“We are starting with around 20 projects this year, but our vision is to really expand once Saturday’s event has taken place,” said Earth Hour chief executive Andy Ridley.

“The projects have been chosen based on their scalability, so even if the target has not been met, a small amount of funds raised will still help implement an outcome on the ground,” Ridley said.

Projects under the “Earth Hour Blue” crowdfunding scheme – which aims to raise more than $650,000 in total – include a turtle center in Italy and funding for forest rangers in Indonesia.

Earth Hour saw world landmarks, including the Sydney Opera House and Harbor Bridge, the Empire State Building, the Eiffel Tower and the Kremlin, switch off their lights for 60 minutes at 8:30 p.m. local time on Saturday. The event was marked in more than 150 countries, organizers said.

The event was coordinated from Singapore, with the stars of new movie “Amazing Spider-Man 2” helping switch off lights on the city-state’s skyline in the upmarket Marina Bay district.

Sofiah Jamil, adjunct research associate at Singapore’s S. Rajaratnam School of International Studies, who has been campaigning for environmental causes in Southeast Asia, welcomed the funding initiative.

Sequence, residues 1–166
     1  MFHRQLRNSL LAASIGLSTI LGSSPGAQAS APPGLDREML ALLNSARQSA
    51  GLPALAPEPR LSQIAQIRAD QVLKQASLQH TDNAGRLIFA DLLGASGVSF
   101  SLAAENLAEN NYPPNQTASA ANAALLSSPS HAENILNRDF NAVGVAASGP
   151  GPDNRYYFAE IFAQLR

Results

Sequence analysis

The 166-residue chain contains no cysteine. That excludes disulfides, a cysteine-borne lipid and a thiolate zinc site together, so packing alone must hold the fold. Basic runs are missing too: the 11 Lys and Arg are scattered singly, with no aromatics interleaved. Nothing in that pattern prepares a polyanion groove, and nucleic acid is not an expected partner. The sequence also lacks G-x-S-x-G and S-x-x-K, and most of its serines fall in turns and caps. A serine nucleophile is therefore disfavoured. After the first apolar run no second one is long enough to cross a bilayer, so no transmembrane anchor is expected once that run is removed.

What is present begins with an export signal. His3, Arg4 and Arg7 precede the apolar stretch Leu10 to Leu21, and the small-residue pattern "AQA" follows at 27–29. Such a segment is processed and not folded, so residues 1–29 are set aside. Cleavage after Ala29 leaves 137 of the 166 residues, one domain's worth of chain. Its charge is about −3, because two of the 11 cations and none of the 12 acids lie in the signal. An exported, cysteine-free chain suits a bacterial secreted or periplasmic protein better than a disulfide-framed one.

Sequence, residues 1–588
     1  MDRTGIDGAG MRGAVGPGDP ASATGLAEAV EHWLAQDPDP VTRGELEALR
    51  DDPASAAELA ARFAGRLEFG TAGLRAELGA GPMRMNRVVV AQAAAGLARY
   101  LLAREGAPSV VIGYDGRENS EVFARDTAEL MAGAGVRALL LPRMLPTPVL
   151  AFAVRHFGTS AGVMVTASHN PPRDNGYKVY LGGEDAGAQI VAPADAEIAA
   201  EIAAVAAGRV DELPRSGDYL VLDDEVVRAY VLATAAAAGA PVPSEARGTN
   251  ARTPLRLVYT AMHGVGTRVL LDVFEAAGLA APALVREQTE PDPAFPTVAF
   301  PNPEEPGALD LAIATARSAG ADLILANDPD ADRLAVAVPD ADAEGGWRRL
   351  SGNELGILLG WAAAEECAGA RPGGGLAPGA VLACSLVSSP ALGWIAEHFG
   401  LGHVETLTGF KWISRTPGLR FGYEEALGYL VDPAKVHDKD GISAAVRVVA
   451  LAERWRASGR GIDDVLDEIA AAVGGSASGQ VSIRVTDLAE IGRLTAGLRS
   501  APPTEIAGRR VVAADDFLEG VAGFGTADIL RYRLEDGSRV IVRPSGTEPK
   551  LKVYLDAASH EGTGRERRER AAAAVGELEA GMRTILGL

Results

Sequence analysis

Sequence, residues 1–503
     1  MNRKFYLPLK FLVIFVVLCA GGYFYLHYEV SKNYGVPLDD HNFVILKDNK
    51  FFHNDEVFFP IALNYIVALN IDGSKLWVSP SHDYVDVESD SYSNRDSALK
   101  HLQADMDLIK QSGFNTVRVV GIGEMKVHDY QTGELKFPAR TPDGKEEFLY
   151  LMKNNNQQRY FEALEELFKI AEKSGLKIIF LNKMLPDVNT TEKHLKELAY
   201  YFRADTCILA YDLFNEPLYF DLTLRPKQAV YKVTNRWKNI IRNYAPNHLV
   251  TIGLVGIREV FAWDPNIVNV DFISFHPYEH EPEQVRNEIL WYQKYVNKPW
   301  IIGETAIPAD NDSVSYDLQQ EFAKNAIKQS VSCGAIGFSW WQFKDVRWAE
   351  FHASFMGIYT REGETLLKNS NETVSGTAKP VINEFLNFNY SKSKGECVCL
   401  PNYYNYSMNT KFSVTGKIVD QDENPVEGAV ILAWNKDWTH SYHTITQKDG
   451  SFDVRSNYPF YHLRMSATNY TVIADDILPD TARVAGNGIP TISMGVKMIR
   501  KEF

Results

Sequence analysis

“At the very basic level, such crowdfunding activities can potentially increase the visibility of Earth Hour and in turn awareness on environmental action,” Sofiah told AFP.

“I think the main way in which this is effective is that it allows a way of involving a wider section of people, who would previously perhaps not be involved, such as those with limited knowledge on how they can contribute and those who want to contribute with ease and convenience,” she said.

Earth Hour began in 2007 in Sydney, but the idea quickly spread around the world and hundreds of millions of people were estimated to have turned their lights off for the event last year.